The trip will end with me meeting some very old friends for a much-needed catching up. And I will return to my family happy, refreshed, and full of love.

It’s the perfect Fall Break and the perfect Girls’ Weekend. Which is why it’s the THIRD annual.

Except — poor, poor, poor Princess.

That’s not what is happening today. I can sing “I’m leaving on a jet plane” all I want (FYI–it’s Chantal Kreviazuk I’m channeling, not John Denver), but I am not leaving on a jet plane today, thanks to this baby–

Instead, I am huddled in my house where the temperature is not 87 or 77 or 67. It’s 53F.

I’m under 4 blankets with four other people and we’re all hacking away like a bunch of consumptives sleeping together in a freezing Lower East Side tenement at the turn of the 20th century.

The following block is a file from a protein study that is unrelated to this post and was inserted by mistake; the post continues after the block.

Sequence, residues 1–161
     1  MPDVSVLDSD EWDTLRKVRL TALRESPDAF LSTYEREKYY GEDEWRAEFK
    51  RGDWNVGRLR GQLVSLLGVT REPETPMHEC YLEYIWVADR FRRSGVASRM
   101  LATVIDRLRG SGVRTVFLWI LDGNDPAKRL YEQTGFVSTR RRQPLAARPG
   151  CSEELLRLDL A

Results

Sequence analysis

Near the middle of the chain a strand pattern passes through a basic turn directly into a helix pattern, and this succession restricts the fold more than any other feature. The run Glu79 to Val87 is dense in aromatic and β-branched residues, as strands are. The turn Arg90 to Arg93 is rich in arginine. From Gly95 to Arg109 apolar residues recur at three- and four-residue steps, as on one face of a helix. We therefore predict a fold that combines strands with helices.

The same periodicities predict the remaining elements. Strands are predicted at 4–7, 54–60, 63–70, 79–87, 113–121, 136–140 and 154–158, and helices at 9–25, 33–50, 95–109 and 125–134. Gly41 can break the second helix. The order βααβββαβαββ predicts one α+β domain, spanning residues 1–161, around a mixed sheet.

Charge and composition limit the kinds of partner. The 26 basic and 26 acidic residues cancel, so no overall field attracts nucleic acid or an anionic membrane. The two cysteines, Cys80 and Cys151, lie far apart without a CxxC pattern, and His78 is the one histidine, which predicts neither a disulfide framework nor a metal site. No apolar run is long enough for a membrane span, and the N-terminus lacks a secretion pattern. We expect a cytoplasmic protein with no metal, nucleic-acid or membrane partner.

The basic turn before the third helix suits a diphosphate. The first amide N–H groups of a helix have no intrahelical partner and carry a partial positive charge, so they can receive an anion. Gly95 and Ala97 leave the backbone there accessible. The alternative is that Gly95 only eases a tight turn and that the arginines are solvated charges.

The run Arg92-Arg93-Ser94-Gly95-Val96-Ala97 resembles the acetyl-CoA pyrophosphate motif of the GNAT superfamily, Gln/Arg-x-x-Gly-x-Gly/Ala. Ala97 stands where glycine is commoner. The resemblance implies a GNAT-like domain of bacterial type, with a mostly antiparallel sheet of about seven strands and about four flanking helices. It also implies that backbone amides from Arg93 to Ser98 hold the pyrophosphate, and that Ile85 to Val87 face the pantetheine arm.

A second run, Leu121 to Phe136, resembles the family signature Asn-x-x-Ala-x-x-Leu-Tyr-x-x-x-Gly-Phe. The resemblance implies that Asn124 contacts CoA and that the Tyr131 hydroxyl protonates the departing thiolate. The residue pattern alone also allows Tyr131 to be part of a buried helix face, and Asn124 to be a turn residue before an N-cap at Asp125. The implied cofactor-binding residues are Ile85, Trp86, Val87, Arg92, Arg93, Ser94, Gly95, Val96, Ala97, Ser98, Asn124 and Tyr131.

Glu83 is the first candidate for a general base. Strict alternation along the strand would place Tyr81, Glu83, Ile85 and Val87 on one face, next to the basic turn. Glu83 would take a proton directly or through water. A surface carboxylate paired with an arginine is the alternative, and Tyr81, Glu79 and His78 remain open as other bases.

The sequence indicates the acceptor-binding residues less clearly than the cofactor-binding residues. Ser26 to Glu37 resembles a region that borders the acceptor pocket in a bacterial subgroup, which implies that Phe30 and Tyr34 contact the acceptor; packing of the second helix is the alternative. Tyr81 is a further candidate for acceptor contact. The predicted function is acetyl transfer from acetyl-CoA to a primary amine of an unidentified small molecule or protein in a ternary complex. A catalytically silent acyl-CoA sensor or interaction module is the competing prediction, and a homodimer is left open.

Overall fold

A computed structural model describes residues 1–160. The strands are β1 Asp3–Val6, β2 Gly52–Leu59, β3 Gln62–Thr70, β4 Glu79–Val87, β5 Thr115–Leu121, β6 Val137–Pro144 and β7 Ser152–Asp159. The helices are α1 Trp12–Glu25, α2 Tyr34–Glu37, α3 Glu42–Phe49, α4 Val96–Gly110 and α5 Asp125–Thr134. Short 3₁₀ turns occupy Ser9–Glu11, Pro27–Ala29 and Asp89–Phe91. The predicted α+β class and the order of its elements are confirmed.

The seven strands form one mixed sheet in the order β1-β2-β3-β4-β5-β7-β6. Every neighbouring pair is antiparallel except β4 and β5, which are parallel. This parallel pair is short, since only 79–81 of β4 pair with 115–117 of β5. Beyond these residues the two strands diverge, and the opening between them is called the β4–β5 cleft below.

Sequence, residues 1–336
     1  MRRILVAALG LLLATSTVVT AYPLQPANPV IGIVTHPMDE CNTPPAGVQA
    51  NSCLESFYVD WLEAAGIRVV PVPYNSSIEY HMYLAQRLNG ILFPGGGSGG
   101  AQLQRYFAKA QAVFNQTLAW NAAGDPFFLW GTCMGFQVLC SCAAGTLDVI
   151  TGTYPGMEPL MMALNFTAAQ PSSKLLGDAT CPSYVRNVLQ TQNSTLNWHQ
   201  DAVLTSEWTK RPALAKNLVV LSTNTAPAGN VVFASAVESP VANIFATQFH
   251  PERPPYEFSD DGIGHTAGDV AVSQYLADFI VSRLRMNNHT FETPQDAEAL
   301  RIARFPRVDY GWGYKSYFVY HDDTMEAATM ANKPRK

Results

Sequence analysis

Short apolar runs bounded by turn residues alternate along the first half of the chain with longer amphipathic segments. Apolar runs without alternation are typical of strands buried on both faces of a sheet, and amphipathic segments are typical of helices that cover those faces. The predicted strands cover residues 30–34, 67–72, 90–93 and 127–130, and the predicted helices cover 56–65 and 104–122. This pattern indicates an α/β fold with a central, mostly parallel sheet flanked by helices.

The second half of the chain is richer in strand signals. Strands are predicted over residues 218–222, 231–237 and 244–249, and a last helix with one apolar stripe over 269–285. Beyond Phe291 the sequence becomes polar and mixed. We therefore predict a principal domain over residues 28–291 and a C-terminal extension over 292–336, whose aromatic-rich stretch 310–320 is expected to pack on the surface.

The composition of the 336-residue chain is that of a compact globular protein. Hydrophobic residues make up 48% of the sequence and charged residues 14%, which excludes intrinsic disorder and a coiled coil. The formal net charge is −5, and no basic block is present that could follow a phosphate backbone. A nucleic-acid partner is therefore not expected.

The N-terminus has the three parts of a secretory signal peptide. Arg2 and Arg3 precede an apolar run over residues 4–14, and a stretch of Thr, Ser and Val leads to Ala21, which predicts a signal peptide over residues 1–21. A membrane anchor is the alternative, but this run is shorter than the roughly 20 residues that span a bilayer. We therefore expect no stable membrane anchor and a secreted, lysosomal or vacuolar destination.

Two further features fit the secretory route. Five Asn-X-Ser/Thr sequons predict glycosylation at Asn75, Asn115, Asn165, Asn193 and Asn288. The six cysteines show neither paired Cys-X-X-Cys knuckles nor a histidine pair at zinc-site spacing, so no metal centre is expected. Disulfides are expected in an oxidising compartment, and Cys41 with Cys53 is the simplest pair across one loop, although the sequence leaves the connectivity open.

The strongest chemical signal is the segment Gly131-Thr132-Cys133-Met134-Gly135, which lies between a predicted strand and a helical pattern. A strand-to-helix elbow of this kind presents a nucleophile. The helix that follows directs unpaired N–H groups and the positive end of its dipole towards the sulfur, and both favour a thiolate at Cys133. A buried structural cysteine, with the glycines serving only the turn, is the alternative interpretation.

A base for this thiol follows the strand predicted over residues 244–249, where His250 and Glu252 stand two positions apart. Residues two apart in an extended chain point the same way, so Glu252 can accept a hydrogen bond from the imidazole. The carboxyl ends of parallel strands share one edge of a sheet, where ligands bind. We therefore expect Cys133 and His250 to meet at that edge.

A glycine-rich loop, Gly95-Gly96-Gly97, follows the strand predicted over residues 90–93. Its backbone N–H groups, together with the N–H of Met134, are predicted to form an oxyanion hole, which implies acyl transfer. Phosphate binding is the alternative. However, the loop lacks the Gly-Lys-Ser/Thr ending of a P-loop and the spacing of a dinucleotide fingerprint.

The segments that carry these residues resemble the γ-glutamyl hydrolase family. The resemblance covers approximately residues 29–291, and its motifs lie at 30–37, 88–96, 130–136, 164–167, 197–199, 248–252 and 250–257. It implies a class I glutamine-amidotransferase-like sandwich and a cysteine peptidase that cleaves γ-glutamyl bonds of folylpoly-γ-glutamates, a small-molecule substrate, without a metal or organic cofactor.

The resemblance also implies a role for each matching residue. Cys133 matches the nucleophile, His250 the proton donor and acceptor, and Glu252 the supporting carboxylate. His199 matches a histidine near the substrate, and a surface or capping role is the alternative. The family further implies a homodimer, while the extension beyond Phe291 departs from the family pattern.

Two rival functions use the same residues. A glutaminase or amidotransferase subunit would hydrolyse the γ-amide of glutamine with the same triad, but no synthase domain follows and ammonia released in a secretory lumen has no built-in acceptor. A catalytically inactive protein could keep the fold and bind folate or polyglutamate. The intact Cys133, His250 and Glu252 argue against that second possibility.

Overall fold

From Jacob Riis’s time — not so different?

We have no heat, no electricity, no home phone service, no cell service, and no internet. When we’re not under the blankets, we’re smushed together in my office–surrounded by offices where people are trying to actually work–and fighting over the screens (oh internet, I miss you so!). And when we get good and hungry, we’ll wait in line with the rest of the town to get into the one restaurant that’s running. It’s all good.

I really really really want to leave on a jet plane today, but with roads blocked or jammed, and transit not running, there’s no way of getting to the airport and getting the fuck outta here. Poor, poor Princess.

Parents say the darndest things